nep-ecm New Economics Papers
on Econometrics
Issue of 2008‒02‒23
fifteen papers chosen by
Sune Karlsson
Orebro University

  1. Efficient Estimation of Semiparametric Conditional Moment Models with Possibly Nonsmooth Residuals By Xiaohong Chen; Demian Pouzo
  2. Estimation of Dynamic Latent Variable Models Using Simulated Nonparametric Moments By Michael Creel
  3. Long Memory Modelling of Inflation with Stochastic Variance and Structural Breaks By C.S. Bos; S.J. Koopman; M. Ooms
  4. Power Properties of Invariant Tests for Spatial Autocorrelation in Linear Regression By Martellosio, Federico
  5. Selection of the number of frequencies using bootstrap techniques in log-periodogram regression. By Josu Arteche; Jesus Orbe
  6. Nonparametric Estimation of the Costs of Non-Sequential Search By José Luis Moraga-González; Zsolt Sándor; Matthijs R. Wildenbeest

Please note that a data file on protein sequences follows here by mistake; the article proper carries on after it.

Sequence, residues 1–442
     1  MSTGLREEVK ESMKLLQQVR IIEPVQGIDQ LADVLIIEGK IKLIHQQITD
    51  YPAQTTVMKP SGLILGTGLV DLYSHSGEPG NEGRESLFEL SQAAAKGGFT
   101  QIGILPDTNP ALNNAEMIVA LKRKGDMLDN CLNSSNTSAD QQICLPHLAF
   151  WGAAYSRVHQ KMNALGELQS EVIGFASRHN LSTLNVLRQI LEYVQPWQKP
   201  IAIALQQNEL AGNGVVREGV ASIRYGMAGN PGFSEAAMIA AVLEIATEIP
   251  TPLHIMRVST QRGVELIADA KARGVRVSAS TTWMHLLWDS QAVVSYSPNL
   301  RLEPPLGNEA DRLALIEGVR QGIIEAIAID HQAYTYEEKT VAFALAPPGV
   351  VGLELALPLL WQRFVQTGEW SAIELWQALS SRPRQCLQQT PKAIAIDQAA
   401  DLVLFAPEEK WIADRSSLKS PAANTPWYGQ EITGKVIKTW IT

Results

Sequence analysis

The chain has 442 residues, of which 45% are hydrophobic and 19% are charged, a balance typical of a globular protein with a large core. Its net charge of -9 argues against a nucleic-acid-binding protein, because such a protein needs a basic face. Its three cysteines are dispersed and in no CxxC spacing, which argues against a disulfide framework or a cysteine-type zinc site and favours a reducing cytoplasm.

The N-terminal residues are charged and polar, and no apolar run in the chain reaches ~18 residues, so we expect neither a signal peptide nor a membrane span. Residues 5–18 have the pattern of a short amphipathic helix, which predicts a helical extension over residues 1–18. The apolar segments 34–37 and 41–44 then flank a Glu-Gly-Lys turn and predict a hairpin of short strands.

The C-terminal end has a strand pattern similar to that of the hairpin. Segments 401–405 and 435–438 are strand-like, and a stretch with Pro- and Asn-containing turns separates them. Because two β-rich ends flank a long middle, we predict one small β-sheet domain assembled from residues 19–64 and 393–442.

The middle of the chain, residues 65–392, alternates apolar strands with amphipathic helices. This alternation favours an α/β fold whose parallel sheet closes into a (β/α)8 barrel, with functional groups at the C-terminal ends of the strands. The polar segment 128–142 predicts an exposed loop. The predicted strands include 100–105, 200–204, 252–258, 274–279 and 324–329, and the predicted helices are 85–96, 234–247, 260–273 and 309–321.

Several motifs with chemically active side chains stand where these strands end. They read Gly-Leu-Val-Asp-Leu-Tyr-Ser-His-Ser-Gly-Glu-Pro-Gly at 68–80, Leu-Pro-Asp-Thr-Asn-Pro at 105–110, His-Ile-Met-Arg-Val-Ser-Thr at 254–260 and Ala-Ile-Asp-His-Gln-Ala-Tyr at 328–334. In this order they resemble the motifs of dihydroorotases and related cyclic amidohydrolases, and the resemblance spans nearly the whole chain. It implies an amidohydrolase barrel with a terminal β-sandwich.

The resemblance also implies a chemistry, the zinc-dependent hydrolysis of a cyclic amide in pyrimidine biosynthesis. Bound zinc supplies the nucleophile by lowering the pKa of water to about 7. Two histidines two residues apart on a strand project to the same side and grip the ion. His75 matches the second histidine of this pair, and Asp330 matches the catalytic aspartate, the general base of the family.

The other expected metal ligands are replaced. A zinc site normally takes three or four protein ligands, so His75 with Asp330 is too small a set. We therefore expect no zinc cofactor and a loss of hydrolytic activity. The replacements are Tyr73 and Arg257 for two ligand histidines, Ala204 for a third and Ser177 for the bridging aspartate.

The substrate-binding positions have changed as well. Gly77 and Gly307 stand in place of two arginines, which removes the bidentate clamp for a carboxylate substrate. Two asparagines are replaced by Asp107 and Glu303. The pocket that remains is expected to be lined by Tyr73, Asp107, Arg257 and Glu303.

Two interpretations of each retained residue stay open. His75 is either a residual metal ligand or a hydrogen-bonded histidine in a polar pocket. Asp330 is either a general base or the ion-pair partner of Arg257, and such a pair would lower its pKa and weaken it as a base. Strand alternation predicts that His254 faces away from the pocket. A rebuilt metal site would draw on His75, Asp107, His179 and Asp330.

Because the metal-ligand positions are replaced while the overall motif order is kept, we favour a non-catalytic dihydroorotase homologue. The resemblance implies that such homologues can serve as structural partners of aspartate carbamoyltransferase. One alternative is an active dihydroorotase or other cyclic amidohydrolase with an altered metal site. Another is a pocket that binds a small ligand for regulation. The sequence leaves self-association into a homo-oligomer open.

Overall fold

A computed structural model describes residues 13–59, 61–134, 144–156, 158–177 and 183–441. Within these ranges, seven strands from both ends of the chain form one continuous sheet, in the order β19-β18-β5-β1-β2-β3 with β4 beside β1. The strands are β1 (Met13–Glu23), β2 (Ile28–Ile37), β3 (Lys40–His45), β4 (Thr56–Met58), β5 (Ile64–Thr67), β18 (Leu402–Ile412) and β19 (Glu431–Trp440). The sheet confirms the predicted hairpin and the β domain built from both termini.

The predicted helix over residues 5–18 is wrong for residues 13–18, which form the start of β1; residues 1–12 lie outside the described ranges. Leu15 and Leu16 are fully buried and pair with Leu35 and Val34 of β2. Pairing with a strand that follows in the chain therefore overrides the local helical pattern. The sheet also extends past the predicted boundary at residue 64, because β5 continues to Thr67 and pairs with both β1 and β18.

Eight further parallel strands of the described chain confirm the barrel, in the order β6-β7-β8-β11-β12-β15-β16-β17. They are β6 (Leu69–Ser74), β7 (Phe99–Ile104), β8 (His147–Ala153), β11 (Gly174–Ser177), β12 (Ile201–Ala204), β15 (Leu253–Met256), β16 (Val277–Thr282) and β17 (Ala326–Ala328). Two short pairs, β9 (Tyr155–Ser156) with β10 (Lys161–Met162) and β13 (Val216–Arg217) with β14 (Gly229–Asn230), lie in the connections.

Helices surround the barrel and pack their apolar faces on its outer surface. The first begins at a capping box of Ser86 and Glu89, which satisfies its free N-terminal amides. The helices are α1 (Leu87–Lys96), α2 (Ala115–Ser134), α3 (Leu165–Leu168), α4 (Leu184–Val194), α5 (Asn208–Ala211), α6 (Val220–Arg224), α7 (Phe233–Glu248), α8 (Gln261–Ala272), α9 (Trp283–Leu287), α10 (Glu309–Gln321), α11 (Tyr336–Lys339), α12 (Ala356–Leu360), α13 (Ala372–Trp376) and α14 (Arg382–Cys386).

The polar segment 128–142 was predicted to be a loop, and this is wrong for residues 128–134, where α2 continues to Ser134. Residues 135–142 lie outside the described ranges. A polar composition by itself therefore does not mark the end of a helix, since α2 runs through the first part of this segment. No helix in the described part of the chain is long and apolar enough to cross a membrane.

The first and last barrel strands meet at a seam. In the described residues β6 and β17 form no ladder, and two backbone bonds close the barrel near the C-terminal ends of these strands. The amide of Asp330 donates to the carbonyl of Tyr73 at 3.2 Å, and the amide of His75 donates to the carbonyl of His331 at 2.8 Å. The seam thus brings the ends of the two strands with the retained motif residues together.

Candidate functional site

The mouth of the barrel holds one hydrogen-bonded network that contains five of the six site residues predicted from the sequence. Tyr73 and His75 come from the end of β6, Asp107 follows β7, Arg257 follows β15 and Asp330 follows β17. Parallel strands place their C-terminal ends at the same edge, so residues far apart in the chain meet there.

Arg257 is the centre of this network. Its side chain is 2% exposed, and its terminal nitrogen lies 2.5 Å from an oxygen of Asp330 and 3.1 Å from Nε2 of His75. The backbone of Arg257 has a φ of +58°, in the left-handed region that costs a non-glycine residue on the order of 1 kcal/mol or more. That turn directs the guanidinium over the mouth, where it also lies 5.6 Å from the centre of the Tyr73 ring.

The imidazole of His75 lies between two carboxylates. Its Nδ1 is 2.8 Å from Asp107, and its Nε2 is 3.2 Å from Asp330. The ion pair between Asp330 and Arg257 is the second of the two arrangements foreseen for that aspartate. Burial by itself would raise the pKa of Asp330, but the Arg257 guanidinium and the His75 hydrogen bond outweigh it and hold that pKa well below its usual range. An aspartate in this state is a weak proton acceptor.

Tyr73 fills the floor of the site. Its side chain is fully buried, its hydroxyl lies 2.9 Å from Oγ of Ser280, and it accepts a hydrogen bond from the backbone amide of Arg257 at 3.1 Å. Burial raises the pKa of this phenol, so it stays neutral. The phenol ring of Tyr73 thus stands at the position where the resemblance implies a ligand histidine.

7. Inference for double Pareto lognormal queues with applications By Pepa Ramirez; Rosa E. Lillo; Michael P. Wiper; Simon P. Wilson
  8. Analyzing the Term Structure of Interest Rates using the Dynamic Nelson-Siegel Model with Time-Varying Parameters By Siem Jan Koopman; Max I.P. Mallee; Michel van der Wel
  9. On Bayesian estimation of multinomial probabilities under incomplete experimental information By Pepa Ramirez; Brani Vidakovic
  10. Identifying Reduced-Form Relations with Panel Data By Herman R.J. Vollebergh; Bertrand Melenberg; Elbert Dijkgraaf
  11. Time Aggregation and the Contradictions with Causal Relationships: Can Economic Theory Come to the Rescue? By Rangan Gupta; Kibii Komen
  12. Testing a DSGE model and its partner database By Lavan Mahadeva; Juan Carlos parra
  13. Unit Roots Tests with Smooth Breaks: An Application to the Nelson-Plosser Data Set By Pascalau, Razvan